A new McDonald’s restaurant can be built in Boger City following unanimous approval from the Lincolnton City Council Thursday night of the company’s request for a conditional-use rezoning of property on East Main Street.
The fast-food chain plans to construct a 4,500-square-foot restaurant, with 57 parking spaces, near the southwest corner of East Main Street and Salem Church Road.
During the public hearing on the request, nearby resident Christine Ziemba-Tolbert spoke against the rezoning, expressing her concern for the traffic flow that may result from the new McDonald’s. She described the neighborhood as quiet and having a “country feel,” and she said she’s worried that drivers cutting through the residential streets to get to the restaurant will disrupt this.
She also said she was concerned about the safety of the residents, noting that, with no sidewalks, people, including children, often walk in the street.
“It’s just a matter of time before something drastic happens,” she told council members.
Despite discussion of the various means for controlling the potential traffic flow in the area, most of the options were rejected due to talks with the NCDOT. However, as a result of the planning staff’s recommendations, approved by the council as part of the motion, a concrete island will be placed at the access point onto Openview Drive to help prevent existing traffic from turning left onto Openview Drive.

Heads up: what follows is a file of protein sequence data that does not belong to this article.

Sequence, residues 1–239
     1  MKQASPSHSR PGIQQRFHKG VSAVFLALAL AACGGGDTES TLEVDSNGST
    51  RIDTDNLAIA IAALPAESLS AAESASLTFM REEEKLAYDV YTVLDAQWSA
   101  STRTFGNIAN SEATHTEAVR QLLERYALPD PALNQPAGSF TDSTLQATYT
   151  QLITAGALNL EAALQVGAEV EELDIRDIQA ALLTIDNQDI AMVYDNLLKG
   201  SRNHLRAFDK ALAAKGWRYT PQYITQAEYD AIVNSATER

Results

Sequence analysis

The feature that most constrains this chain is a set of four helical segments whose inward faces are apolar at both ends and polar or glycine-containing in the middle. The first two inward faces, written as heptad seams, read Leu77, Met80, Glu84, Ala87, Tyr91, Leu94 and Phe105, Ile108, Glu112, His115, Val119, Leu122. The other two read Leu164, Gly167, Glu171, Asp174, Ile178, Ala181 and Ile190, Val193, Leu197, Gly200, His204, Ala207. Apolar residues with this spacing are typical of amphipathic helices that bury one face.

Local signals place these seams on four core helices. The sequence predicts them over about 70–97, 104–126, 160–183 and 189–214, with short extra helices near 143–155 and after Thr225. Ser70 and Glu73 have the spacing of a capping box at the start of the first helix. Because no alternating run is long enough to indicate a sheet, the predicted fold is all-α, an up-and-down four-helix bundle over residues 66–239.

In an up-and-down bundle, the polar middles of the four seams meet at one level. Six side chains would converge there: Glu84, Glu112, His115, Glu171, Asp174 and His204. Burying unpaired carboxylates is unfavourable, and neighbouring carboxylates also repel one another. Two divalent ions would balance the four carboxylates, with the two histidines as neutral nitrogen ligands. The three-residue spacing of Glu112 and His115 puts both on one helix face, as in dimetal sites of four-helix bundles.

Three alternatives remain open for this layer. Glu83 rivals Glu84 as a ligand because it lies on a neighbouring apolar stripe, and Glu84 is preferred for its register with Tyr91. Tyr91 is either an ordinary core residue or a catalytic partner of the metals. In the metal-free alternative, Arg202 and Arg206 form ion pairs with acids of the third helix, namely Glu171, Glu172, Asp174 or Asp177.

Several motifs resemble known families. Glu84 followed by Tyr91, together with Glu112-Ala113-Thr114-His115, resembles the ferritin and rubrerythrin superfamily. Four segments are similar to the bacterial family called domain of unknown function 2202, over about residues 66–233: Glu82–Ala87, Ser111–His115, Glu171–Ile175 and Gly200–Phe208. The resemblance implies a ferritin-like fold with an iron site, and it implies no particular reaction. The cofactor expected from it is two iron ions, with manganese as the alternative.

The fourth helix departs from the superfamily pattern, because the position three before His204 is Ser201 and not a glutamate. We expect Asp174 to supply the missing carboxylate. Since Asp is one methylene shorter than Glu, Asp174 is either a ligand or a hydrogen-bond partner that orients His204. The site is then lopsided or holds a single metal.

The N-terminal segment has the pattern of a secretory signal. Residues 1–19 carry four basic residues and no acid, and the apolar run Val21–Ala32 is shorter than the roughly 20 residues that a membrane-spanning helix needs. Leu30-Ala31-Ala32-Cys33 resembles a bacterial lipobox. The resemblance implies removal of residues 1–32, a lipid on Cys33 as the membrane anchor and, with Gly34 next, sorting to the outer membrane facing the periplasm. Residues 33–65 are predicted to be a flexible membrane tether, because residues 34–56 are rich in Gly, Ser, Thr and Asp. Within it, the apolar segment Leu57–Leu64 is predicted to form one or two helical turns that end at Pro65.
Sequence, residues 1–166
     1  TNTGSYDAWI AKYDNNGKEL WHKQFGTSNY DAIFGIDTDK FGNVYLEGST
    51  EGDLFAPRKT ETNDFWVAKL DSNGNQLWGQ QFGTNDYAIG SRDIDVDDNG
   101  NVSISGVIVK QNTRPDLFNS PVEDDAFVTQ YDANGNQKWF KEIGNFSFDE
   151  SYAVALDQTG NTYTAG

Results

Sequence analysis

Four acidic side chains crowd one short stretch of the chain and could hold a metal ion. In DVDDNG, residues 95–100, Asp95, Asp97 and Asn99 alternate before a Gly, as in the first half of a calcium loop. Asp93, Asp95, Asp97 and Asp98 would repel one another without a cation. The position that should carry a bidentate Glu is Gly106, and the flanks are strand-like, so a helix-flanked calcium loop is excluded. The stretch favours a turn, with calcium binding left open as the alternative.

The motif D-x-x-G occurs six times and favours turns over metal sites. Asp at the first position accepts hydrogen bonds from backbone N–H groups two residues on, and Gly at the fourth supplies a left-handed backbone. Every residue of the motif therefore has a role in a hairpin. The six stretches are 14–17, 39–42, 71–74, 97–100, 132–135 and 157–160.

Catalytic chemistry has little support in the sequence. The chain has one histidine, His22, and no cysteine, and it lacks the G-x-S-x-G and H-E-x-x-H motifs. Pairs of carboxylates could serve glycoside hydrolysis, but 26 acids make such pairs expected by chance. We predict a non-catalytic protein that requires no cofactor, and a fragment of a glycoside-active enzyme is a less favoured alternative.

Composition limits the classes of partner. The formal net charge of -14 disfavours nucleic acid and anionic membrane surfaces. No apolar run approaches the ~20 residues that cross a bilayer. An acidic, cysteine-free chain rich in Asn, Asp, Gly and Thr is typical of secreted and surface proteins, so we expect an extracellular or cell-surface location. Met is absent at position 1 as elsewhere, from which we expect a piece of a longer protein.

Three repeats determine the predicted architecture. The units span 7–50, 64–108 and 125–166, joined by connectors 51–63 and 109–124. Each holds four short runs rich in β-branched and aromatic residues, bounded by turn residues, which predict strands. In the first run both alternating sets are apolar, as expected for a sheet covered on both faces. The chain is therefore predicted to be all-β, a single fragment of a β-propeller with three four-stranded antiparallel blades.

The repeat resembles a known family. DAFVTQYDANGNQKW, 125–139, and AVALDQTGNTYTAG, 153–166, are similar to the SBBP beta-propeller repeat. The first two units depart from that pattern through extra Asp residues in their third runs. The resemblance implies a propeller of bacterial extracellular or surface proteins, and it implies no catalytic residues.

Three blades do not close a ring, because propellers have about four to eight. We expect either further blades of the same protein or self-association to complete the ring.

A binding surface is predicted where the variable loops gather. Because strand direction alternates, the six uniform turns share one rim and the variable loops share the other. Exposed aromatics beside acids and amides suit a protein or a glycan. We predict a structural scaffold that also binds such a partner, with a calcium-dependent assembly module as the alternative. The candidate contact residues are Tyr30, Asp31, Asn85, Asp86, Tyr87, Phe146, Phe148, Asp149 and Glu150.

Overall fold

Also during Thursday’s meeting, council members approved in a 3-1 vote, with council member Devin Rhyne in opposition, to grant a conditional-use permit for a proposed Internet sweepstakes operation in the Town and Country Shopping Center at 634 Center Drive. The city’s Planning Board had previously recommended that the request be denied, citing a saturation of such centers in Lincolnton.
However, City Attorney T.J. Wilson advised the council that it could open itself up to liability should it treat the businesses differently than others. The North Carolina Supreme Court is currently considering the legality of a ban on such centers.
Nonetheless, the council asked City Manager Jeff Emory to look into options for regulating Internet sweepstakes operations. As the Times-News has previously reported, the county’s Board of Commissioners recently approved standards that the centers much meet to operate.
In other City Council action: